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Congress, BJP, Mulayam Singh Yadav and Lalu Prasad Yadav: The Biggest Winners and Losers of Ayodhya's Mandir-Masjid Politics

In the course of more than 70 years since India’s independence, the matter has redefined its politics and reshaped the fortunes of various political parties.

Pranshu Mishra | CNN-News18

Updated:November 10, 2019, 8:02 AM IST
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Congress, BJP, Mulayam Singh Yadav and Lalu Prasad Yadav: The Biggest Winners and Losers of Ayodhya's Mandir-Masjid Politics
Illustration by Mir Suhail/News18

Lucknow:In a historical moment, the Supreme Court on Saturday unanimously ruled that the 2.77 acre of disputed land in Ayodhya -- the flashpoint of religious and political tensions for decades -- will be handed over to a trust for the construction of a Ram Temple. However, a meticulous examination of the long-spanning saga that is the Ram Janmabhoomi-Babri Masjid dispute is not complete without considering its far-reaching political impact. How in the course of more than 70 years since India’s independence the matter has redefined its politics and reshaped the fortunes of various political parties is a story of interest.

Over the decades, as the dispute gradually acquired the centre stage of national discourse from being a mere local issue at the time of Independence, it’s the Congress which emerged as the biggest loser. It paved the way for the BJP which rose on the kamandal (a metaphor for Hindutva politics) wave and the socialists on the Mandal wave (demand for reservations for the Other Backward Classes as defined by the Constitution).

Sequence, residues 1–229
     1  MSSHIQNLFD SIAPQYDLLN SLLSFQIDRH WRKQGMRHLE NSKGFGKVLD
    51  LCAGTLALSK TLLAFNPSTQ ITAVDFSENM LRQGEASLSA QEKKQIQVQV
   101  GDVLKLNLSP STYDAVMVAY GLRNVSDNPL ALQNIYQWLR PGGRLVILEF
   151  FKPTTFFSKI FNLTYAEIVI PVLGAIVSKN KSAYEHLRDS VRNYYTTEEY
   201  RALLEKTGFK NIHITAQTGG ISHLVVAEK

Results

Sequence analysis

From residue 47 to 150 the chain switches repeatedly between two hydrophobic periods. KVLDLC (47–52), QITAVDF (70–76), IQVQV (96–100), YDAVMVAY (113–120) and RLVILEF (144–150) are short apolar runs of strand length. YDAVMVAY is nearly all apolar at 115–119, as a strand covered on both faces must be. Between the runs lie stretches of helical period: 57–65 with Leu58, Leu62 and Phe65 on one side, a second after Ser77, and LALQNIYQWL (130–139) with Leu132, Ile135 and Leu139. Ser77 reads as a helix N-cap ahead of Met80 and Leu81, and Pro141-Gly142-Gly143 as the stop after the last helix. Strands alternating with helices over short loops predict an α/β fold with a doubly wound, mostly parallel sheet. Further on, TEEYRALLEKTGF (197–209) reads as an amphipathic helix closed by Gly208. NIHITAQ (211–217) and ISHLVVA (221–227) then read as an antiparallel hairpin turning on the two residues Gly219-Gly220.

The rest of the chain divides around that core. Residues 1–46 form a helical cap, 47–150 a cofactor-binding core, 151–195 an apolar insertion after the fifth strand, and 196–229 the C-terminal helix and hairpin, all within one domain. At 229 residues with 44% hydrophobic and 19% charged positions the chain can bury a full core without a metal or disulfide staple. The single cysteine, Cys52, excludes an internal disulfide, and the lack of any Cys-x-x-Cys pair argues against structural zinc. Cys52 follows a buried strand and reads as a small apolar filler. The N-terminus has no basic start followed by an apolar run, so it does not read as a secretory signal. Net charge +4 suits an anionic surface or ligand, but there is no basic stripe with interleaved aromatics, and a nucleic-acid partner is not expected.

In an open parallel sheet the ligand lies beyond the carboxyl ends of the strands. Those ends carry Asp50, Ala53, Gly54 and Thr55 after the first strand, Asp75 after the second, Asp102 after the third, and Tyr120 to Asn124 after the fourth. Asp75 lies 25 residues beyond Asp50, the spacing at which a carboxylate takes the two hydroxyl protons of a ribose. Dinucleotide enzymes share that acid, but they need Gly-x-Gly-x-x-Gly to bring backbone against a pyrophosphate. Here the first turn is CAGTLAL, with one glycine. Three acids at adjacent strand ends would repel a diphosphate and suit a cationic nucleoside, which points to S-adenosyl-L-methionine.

The Congress

Though the Ayodhya issue gained prominence in national politics only around 1984, back in 1949 when idols of Ram and Lakshman were placed inside the Babri mosque, the-then Congress government in Uttar Pradesh with Govind Ballabh Pant as chief minister had come under suspicion of going slow in handling the situation. Critics say the administration was seen as turning a blind eye to provocations from Hindu zealots.

It was probably the first of several incidents that gave strength to allegations of the Congress leadership being prone to politics of appeasement. However, observers say, at the time it was more a case of some within the party including Pant himself practising soft Hindutva rather than its national leadership. Records of written correspondence between Prime Minister Jawaharlal Nehru and Pant at the time are proof of this.

Nehru’s unease at the turn of events in Ayodhya could be sensed in his letter to Pant dated April 17, 1950. “I have felt for a long time that the whole atmosphere of UP has been changing for the worse from the communal point of view,” the PM wrote. “Indeed UP is becoming a foreign land for me.” In apparent admonishment for Pant, he further wrote, “It seems to me that for some reason or other or perhaps mere political expediency, we have been far too lenient with this disease.”

It is also a historically established fact that Pant during that era, facing opposition from socialists within the Congress led by the likes of Acharya Narendra Dev, had been flirting with soft communalism in order to cement his political position.

Whether the happenings on the intervening night of December 22-23 in 1949 were allowed to escalate with a purpose is not clear. But the fact that idols were placed and then through subsequent court orders a week later the main gate of the mosque was locked and Muslims denied entry, with the property being declared “disputed”, sowed the seeds of the controversy that would crop up three decades later to cast its shadow on the Congress.